Roger Draper

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Roger Draper is the former Chief Executive of Sport England from 2003 to 2006, and the Lawn Tennis Association from 2006 to 2013. [1] [2] [3] [4]

In his time at Sport England, Draper had overall accountability for business turnover of £340m, and was involved in London’s 2012 Olympic bid, and the Wembley National Stadium construction project.[citation needed]

As Accounting Officer for Sport England, he had responsibility for reporting to Parliament through the Secretary of State for Culture, Media and Sport, and represented the organisation at a wide range of Select Committees, including the Public Accounts Committee hearing on the Wembley National Stadium Project, in 2003.[citation needed]

He also led a major review and reorganisation of the £450m spent on sport in the UK.[citation needed]

This included the completion of the £120m English Institute of Sport network of high performance facilities including new centres at Bath and Loughborough Universities, and a review of corporate governance across a number of sports, including athletics, hockey, rugby league, golf, cricket, boxing, karate and bowls.[citation needed]

Draper joined the LTA in 2006 and published the ‘Blueprint, a Strategy for British Tennis’, which set out his plans to transform the national governing body for British tennis. This included a complete restructure of the organisation, a new commercial strategy and programme, the introduction of Talent ID, and a comprehensive review and rebuild of all the LTA’s major events.[citation needed]

During his time at the LTA, turnover grew by 45% to £65m, and commercial revenues increased by three and a half times, in part the result of a ground-breaking Lead Partner agreement with pensions provider Aegon UK.[5] British Tennis membership grew by 500% and the number of juniors playing competitive tennis sevenfold.[6]

Draper was also responsible for introducing a new mini tennis programme and a nationwide talent ID system for British tennis.[7] During this period, Great Britain won the Junior Davis Cup for the first time, and a number of British juniors won grand slam singles and doubles titles. [8] [9] [10]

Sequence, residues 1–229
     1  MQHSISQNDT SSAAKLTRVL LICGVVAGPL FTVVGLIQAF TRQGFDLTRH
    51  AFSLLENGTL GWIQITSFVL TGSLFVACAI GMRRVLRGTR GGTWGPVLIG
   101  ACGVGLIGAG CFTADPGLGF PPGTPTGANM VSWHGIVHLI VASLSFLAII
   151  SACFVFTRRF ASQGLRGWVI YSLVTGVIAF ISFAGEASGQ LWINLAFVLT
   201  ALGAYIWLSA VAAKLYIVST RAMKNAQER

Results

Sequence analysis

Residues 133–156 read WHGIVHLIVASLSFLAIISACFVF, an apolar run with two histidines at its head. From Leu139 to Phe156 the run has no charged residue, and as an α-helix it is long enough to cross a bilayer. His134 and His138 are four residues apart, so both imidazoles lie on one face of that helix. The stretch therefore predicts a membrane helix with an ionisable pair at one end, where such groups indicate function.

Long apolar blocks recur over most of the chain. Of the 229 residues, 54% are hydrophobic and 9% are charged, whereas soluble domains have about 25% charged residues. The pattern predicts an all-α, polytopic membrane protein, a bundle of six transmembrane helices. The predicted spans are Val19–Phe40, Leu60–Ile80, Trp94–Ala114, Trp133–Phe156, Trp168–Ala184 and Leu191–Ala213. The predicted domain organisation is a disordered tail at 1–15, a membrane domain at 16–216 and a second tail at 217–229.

In 2013, Andy Murray became the first British man to win the Wimbledon singles title for 77 years.[11]

Despite a growth in the number of children playing tennis,[12] Draper’s tenure was criticised for failing to increase levels of participation among adults. [13] [14]

The problems of participation came to a head when in December 2012 Sport England announced that £10.3million of the LTA's £17.4million funding total had been put on hold, with Sport England chief executive Jennie Price telling Press Association Sport: "Tennis has not performed well in terms of participation".[15] Sport England subsequently released the funding to the LTA.[citation needed]

After his salary package at the LTA was revealed to be £640,000 in 2012,[16] Draper and the LTA received further criticism, including from Baroness Billingham, the Chair of Parliament's All-Party Tennis Group.

His 7 1/2 year tenure as chief executive of the LTA came to an end in March 2013 when he announced that he would stand down in September 2013[16][17]

Draper opposed the creation of the £40 million National Tennis Centre at Roehampton,[citation needed] and in August 2014, it was reported that the centre was to close, just 7 years after it was opened. [18]

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